The Prince of Egypt


Dominion Theatre (venue)

26 February 2020 (released)

28 February 2020

Based on the Award-winning animated movie, The Prince of Egypt (1998) has arrived in the vast space of the Dominion Theatre stage after a five years in development across the pond. Composer Stephen Schwartz with four decades of success behind him is probably best known for ‘Wicked’ ‘Godspell’ and ‘Pippin.’ Although the animation film was a big hit in itself, there are very few people who don’t know his Oscar winning theme tune, ‘When you believe’ made famous by Maria Carey, Whitney Houston (or even X factor winner Leon Jackson). For the first time, the lyrics of that yearning ballad make sense, sung by the ‘Hebrews’ praying for freedom. ‘Every night we prayed with no proof anyone can hear… There can be miracles if you believe.’ Who knew it was literal!

The original team of composer/lyricist Stephen Schwartz and writer Philip Lazebnik return for the stage show with ten new songs added to the movie soundtrack and the composer’s son, Scott Schwartz directing. There are countless great (and some not so great) musicals based on bible stories and this one from the book of Exodus, is certainly epic in scope. Opening with a rousing chorus number, ‘Deliver Us’ sung by the Hebrew slaves, Moses is passed from hand to hand in his basket until he reaches the foot of Queen Tuya. From this moment he is brought up in privilege as a brother to Ramses, son of Seti the Pharaoh. When they are grown up the brothers are torn apart by their destinies; Moses (Luke Brady) to lead his people out of Egypt and Ramses (Liam Tamne) to take on the mantle of Pharaoh.

Adapting film to stage always takes some ingenuity but animated film to stage is an even bigger leap. For designer Kevin Depinet and there are plenty of challenges; think vast deserts, deep tombs and the parting of the waves to liberate the Israelites. There are some stunning moments including John Driscoll’s vast walls of hieroglyphic projections with giant statues that reach out into the auditorium but at times, including the parting of the waves, there is something manufactured about the visual effect, more stadium pageant than West End theatre. Even the chorus of impressive dancers and acrobats who can build worlds with their bodies have an anonymity that rarely connects on an emotional level.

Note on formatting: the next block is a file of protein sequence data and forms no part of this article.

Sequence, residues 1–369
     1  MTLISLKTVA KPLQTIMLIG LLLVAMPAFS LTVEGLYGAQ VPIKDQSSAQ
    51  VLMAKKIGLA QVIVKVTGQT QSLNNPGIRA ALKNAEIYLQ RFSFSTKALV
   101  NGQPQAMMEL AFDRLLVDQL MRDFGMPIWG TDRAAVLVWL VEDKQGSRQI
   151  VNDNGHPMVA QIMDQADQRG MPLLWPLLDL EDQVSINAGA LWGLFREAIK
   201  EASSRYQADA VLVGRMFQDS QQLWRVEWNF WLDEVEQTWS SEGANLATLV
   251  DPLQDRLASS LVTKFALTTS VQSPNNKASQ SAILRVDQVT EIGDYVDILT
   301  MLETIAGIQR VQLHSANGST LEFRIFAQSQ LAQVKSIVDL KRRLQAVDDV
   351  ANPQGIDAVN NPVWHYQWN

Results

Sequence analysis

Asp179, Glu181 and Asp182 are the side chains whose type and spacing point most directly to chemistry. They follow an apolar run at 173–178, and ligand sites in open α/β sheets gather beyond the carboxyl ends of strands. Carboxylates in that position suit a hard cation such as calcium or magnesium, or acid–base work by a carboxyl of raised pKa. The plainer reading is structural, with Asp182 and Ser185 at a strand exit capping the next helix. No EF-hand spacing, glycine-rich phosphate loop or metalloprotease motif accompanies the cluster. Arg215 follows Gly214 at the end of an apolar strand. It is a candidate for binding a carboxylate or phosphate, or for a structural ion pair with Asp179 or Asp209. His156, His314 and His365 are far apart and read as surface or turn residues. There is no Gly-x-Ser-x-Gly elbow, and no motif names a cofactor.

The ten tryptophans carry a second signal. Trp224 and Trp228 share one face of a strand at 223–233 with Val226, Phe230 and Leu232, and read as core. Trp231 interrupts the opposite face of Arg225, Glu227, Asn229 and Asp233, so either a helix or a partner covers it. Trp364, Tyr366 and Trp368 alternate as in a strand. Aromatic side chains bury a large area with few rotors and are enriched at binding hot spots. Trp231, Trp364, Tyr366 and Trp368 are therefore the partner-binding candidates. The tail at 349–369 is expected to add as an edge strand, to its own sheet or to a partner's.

That said, there are plenty of thrills including real flames and magic and after a slow first half, the talented cast begin to touch the heart of a story about identity, purpose and freedom. Stand out moments include Tanisha Spring as Nefertari singing, ‘Heartless’ a new Schwartz song that’s bound to become a classic, and the company performing ‘Through Heaven’s Eye’s with a powerful message and a stonking dance in the desert. Although personal tragedies, plagues, famines and slavery feel cleaned up to a Disney (sorry Dreamworks) polish, the finale of ‘When you Believe’ is still irresistible.

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